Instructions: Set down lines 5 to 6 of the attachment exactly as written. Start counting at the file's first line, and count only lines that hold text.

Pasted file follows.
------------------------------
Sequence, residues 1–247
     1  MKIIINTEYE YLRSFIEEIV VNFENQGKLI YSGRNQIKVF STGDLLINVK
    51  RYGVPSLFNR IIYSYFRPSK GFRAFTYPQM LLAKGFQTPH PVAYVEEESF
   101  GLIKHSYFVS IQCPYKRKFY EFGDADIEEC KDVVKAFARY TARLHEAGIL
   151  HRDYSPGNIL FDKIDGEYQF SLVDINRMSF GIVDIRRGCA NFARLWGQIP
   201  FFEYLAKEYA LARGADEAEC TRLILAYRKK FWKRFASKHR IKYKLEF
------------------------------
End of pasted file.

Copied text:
   151  HRDYSPGNIL FDKIDGEYQF SLVDINRMSF GIVDIRRGCA NFARLWGQIP
   201  FFEYLAKEYA LARGADEAEC TRLILAYRKK FWKRFASKHR IKYKLEF